Can you imagine saying hello every time you entered a room?  In America, people would think you were un(e) dingue (nutcase).  Or worse yet, kissing cheeks or shaking hands with each person in the room?  It sounds strange to us, but really, you have to admit it would make for a more polite society.  Especially in a society where people don't even look up from their phones long enough to acknowledge your existence.  But that's a post for another time...

I'm sure most of you can handle a standard bonjour.  But how many of you would be willing to faire la bise (kiss cheeks)?  I love the following video as an English man tries to understand the whole concept, especially when it comes to kissing another man!  (gulp)

If you want to waste a few more minutes, check out this video for an American take on social kissing:


I remember being a little uneasy about the whole kissing thing 
when I visited France.  
What if I went for the wrong cheek and ended up kissing on the lips?! Ew!  
And what if I was smelly or something?  
Trust me... I wasn't the one with an odor problem...  
And what if I caught some nasty virus? This still concerns me, but if you think 
about it, the French's immunities must be pretty strong 
since they kiss all the time.  
But really, after a few times, I become an old pro.  
Ready to visit France now? Better practice puckerin' those lips...

Oh, and Londa... "Mon frère est un dingue."

Thursday, March 11, 2010

the aftermath

Dear Winter Storms of '09-'10,

First of all, thank you for leaving.  You are gone... right?  And thank you for finally taking the snow away.  Finally.

But, was it really necessary to leave this behind?

or this?

We know... it's partially our fault for choosing to keep these huge, messy trees around.  But their shade in the summer is completely worth it.

So, Winter Storms, I guess what I'm saying is... please don't come back.  Especially this year, but preferably - NEVER.  Get that?  You're not welcome here.  

We can survive completely fine without you.

Sincerely,
Girl Whose Back is Aching at the Thought of Picking Up All Those Branches

P.S.  Notice that beautiful green grass?  That's right.  Spring is here.  You are over.  Take that!

Tuesday, March 9, 2010

the proof is in the picture

For those of our family and friends who don't live in the IPTV viewing area, we thought you may enjoy seeing this. Adeline's artwork is on the left. You can tell it's hers because it has her name on it. :)  You can also see her picture in my last post.

Can you tell how proud we are?

video

Monday, March 8, 2010

my little picasso

For all my local Iowans... 

Have you seen this picture on IPTV Festival?

Well, it's on the wall to the left of Dan Wardell and is blown up really big!

And I'm not positive, but it looks like it's also one of the pictures on the Kids Club Card!  How cool is that?!

This morning I heard Adeline yell, "Mom!  I just saw my drawing on TV!"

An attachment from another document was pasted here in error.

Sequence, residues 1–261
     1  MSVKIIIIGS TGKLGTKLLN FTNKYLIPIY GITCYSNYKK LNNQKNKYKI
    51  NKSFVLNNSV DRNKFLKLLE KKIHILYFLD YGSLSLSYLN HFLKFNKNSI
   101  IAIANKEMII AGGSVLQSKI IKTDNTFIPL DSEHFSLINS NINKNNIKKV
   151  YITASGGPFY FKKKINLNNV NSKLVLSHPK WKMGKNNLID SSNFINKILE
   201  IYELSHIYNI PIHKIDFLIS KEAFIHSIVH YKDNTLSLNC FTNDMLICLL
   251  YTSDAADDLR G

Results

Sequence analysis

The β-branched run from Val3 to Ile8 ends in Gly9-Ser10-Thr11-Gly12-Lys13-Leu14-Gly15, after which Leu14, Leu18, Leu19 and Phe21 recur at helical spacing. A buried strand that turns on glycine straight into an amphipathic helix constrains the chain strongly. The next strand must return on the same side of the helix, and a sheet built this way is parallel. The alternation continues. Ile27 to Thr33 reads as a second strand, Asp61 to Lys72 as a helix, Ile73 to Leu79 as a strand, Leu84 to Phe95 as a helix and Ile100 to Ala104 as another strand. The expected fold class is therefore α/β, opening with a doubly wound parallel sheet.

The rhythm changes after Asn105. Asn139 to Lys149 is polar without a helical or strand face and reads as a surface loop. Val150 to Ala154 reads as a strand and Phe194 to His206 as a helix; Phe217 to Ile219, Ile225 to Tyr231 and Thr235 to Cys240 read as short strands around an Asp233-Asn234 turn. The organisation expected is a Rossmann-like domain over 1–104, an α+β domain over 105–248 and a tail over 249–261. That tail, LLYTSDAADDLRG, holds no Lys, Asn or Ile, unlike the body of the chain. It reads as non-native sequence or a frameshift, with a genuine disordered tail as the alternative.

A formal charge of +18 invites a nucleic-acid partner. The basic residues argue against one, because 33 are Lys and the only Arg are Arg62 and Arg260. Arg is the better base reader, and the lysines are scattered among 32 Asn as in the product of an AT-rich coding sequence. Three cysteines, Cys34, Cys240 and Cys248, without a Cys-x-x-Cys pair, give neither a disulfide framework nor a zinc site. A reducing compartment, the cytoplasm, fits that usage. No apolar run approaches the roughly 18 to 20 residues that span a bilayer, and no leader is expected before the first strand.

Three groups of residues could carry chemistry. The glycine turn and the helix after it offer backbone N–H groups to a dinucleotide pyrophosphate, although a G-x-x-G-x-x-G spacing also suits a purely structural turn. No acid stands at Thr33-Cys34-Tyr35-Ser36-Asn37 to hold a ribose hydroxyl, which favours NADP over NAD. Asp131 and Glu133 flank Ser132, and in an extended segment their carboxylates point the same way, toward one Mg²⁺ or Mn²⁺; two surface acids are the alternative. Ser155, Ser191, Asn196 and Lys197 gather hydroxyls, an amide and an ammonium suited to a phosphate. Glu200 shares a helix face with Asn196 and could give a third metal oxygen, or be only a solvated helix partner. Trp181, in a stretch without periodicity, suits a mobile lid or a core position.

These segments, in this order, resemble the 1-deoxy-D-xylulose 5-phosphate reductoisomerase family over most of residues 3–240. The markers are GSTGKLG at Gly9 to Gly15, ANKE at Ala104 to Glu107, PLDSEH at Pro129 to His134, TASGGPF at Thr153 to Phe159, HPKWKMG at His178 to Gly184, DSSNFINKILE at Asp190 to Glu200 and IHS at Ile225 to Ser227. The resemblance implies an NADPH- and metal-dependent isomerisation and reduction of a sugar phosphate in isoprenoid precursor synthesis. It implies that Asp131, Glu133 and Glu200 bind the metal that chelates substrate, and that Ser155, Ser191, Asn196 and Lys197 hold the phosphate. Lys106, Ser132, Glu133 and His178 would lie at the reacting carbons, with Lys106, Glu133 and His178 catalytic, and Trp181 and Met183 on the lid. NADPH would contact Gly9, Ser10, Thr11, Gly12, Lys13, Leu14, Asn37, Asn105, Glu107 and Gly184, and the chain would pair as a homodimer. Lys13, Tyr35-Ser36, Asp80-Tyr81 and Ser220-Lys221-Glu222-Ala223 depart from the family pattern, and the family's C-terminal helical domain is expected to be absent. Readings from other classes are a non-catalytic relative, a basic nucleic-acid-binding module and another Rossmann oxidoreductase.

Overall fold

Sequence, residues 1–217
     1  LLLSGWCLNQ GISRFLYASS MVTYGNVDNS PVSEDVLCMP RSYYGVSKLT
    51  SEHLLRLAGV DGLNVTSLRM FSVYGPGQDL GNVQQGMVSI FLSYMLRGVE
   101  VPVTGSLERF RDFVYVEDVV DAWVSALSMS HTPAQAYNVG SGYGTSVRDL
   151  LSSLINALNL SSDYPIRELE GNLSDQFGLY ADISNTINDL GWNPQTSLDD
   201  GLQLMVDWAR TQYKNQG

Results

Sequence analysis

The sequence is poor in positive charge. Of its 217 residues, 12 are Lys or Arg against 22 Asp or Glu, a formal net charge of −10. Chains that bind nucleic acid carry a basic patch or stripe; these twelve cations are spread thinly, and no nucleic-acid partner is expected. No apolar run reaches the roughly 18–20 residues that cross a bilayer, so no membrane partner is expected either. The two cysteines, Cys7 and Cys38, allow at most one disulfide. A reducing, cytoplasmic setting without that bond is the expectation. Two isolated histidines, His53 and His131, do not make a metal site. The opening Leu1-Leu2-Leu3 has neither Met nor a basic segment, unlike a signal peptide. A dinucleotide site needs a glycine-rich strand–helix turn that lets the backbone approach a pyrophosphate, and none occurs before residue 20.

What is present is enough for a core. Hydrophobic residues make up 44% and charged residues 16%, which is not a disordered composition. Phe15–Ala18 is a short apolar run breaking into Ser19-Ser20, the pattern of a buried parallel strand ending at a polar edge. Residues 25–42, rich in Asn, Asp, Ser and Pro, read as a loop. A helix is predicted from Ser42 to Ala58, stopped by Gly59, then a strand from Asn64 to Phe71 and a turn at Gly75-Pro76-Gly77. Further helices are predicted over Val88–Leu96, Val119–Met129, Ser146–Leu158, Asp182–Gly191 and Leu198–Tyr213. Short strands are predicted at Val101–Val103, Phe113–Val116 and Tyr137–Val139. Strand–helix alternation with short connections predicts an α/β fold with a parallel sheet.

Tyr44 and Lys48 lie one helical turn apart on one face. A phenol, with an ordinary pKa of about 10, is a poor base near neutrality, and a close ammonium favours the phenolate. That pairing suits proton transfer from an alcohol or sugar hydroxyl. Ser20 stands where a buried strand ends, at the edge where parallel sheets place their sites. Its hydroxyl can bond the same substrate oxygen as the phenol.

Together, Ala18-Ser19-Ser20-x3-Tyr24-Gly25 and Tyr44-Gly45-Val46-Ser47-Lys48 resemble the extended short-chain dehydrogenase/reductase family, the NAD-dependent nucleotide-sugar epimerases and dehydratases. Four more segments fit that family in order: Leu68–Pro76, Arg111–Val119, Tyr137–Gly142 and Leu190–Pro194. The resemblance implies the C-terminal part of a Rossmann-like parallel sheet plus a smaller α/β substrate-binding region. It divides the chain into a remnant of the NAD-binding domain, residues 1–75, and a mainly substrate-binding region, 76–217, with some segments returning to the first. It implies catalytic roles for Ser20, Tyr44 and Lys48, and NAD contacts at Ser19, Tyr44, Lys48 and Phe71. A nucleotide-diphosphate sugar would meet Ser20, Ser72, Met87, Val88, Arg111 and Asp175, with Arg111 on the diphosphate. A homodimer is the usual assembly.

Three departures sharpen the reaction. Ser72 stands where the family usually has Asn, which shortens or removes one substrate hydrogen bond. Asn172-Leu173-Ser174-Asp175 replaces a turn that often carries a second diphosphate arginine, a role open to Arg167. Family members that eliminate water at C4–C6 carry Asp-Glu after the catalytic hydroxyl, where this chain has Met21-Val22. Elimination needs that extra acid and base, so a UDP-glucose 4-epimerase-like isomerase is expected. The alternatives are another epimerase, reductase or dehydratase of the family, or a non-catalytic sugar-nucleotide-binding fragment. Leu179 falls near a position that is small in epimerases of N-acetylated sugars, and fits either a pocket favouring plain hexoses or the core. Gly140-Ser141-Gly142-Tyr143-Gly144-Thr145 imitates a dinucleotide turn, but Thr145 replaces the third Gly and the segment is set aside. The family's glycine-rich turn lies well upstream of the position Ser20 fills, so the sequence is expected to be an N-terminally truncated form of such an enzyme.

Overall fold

I said, "Oh cool!  I can't believe I missed it!"  I thought she meant that it had popped up once and was gone.  But then a few minutes later I saw that it's actually permanently up there!  As long as the camera pans over far enough...

Now I guess I'll have to buy the Kids Club Card so I can have her picture forever on plastic.  :)

shake 'n bake

Remember that old Shake 'n Bake commercial?

Well my little cuties are giving that girl a run for her money.
video

Friday, March 5, 2010

french friday

*Check the video at the end of this post for pronunciations of all French words used*

Not to be confused with "french fry day." Okay, Liz and Katie J? Sorry if I have you all now craving french fries.

Yes, this is the first installment of my now (hopefully) weekly "French Friday." I hope this helps my astute readers to become even more well-rounded in your knowledge of worldly (okay, maybe just French-related) matters.

Actually, I thought maybe it would just be fun for you to be a little "pompeux" (pompous) and surprise all of your friends by throwing in a few french terms here and there. Isn't it fun to be a little prétentieux (pretentious) sometimes? I'm just helping to make you all "très chic" and to give you that... "je ne sais quoi." (literally: "I don't know what" but means "something distinctive or attractive.") Wouldn't it be fun to be the girl of whom people say, "She has a certain je ne sais quoi."

So, here's your french lesson for today, and it's a touchy subject... it has to do with IN-LAWS! (Did I just hear some of you gasp?)

I'm extremely fortunate that my in-laws are "formidable" (wonderful). Since they all live far away, they sometimes come and stay for a week and I thoroughly enjoy it!

Seriously, look how cool they are:
The men even cooperated by wearing french mustaches to go along with my french theme. How sweet.

However, I know not all of you are as blessed as I am to have this type of relationship.